Correction to This Article
Earlier versions of this article, including in the print edition of The Washington Post, understated the amount that the Academy for Educational Development returned to the government when its contract was terminated. The article, because of a typographical error in the report, put the amount at more than $92,000; the actual amount returned was more than $992,000. This version has been corrected.

USAID suspends District-based nonprofit AED from contracts amid investigation

By Dana Hedgpeth and Josh Boak
Washington Post Staff Writers
Wednesday, December 8, 2010; 10:18 PM

The U.S. Agency for International Development said Wednesday that it suspended a nonprofit organization from receiving new government contracts because of an ongoing investigation regarding questionable practices.

USAID's Office of Inspector General is investigating the Academy for Educational Development (AED), which is based in the District. The 49-year-old nonprofit group contracts with U.S. government agencies and others to run health, education, social and economic development programs in about 150 countries.

AED is also one of USAID's key contractors in Afghanistan, overseeing the government agency's higher-education program in the war-torn country. In the past three years, it has received $109 million in contracts from USAID for work in Afghanistan.

Initial findings by the inspector general's office "reveal evidence of serious corporate misconduct, mismanagement, and a lack of internal controls, and raise serious concerns of corporate integrity," according to a statement from USAID.

AED has 65 contract awards from USAID worth roughly $640 million, according to a USAID official.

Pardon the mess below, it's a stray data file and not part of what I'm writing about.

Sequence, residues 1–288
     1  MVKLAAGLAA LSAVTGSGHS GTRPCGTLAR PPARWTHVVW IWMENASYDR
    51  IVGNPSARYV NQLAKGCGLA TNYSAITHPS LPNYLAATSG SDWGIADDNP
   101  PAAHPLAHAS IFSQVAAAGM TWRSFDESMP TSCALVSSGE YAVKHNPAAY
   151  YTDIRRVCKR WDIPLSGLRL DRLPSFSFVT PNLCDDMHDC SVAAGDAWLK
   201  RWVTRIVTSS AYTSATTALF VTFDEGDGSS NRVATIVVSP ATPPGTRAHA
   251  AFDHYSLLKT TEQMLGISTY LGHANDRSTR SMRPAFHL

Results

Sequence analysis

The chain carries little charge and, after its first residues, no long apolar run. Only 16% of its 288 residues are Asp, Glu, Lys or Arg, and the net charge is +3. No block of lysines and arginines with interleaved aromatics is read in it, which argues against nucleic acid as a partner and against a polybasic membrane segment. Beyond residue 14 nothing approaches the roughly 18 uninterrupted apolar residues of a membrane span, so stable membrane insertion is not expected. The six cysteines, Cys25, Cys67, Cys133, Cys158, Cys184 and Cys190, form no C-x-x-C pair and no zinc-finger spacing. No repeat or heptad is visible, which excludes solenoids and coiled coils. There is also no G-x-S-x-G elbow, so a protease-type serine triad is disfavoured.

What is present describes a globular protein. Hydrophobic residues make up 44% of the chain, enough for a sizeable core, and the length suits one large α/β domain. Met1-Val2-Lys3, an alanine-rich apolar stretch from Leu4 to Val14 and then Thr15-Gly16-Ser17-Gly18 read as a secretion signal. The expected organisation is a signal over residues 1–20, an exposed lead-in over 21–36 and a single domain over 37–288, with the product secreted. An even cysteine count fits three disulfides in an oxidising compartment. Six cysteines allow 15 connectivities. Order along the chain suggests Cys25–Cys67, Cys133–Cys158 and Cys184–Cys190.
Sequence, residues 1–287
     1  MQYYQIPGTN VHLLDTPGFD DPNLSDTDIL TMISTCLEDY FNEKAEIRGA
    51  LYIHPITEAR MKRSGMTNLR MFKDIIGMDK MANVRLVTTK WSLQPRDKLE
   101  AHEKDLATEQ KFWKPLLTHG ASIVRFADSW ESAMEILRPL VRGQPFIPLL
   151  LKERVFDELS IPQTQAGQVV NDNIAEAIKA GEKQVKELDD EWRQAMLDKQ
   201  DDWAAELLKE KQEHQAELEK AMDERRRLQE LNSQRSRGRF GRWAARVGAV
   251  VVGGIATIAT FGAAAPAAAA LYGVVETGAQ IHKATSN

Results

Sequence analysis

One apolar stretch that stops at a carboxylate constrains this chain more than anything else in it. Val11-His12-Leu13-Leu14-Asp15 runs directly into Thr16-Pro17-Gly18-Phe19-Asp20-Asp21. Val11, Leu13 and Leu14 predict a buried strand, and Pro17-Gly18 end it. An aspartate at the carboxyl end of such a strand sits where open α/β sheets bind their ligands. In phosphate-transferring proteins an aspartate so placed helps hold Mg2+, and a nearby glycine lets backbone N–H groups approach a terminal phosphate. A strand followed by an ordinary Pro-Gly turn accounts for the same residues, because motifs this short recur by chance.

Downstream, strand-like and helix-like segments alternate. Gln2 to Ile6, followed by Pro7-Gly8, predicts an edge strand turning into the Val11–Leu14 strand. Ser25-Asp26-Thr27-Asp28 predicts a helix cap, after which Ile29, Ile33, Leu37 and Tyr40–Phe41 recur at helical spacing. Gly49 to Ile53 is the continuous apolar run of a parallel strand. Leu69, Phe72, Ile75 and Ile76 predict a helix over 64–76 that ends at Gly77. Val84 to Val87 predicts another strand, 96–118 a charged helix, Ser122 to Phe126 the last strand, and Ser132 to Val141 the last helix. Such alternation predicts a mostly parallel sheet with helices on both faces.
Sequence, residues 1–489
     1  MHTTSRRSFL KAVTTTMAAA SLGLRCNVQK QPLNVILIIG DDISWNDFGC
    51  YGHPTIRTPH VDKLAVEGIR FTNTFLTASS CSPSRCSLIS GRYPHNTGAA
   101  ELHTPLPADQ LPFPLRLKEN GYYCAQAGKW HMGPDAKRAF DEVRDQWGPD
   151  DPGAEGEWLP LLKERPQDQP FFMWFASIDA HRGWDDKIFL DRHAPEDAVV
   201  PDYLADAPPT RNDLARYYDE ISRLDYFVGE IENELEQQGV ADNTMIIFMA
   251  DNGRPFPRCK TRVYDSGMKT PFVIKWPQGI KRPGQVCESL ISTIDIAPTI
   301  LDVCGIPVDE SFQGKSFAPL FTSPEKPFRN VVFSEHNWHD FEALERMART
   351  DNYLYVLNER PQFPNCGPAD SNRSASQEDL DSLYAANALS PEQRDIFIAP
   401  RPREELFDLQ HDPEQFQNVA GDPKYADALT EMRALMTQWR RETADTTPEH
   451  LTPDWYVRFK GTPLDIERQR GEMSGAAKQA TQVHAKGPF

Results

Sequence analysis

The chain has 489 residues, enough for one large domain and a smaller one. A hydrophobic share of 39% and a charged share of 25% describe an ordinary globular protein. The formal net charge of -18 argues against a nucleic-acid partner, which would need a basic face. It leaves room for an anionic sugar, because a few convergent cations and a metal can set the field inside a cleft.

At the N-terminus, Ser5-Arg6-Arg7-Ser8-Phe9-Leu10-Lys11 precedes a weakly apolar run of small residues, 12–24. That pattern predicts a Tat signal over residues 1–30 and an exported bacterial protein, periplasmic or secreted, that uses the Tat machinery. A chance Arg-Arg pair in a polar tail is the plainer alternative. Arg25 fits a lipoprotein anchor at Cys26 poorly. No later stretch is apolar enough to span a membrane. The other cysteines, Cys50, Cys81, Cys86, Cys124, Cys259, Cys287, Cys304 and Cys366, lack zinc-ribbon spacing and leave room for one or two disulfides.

The agency said it plans to conduct "an immediate internal review" of "every program associated with AED."

Lars Anderson, a spokesman for USAID, said AED's suspension "prevents it from bidding on or receiving any further awards from the U.S. government until the suspension is lifted or legal proceedings are instituted against the organization."

USAID said it decided to suspend AED after the inspector general's investigation started in spring 2009 and found "substantiated evidence of misconduct by AED."

The inspector general's investigation involved AED's work in two development and education programs in Afghanistan and Pakistan, according to a statement the company released Wednesday.

"AED is cooperating with the [inspector general's] investigation and is committed to working with USAID on their overall and specific concerns," AED's statement said.

The organization said it has made "significant steps toward strengthening its project-oversight process, personnel and resources."

USAID recently ended a five-year, $150 million cooperative agreement with AED after its inspector general found evidence of fraud related to a program in Pakistan that was designed to provide disaster relief, infrastructure development, education and agricultural services, according to a recent report to Congress that did not identify the company by name. A source close to the investigation confirmed that the company in the report was AED.

In that Pakistan program, the inspector general's investigation found "evidence of collusion between vendors and staff . . . resulting in overpayment for certain goods," according to the agency's report.

USAID ended its work with AED on the program, and the group returned more than $992,000.

AED has recently lost some of its top management. Robert S. Murphy replaced Deanna Trotter, who is retiring after 22 years with the group, as chief financial officer. And last month, Stephen F. Moseley, who had served as AED's president and chief executive for 23 years and is well known in the nonprofit world, said he would retire next year.

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